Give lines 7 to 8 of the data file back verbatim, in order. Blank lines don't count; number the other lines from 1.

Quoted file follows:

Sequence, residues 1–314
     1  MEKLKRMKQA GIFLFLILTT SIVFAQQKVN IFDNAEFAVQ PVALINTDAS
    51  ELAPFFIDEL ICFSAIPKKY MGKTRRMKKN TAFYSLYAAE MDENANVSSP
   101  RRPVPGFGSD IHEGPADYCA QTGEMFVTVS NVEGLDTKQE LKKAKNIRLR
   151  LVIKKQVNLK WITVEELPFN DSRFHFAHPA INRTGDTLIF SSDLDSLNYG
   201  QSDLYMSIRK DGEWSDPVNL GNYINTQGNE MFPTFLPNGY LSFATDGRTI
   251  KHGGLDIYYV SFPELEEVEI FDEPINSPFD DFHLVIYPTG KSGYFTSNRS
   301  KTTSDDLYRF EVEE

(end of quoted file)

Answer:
   251  KHGGLDIYYV SFPELEEVEI FDEPINSPFD DFHLVIYPTG KSGYFTSNRS
   301  KTTSDDLYRF EVEE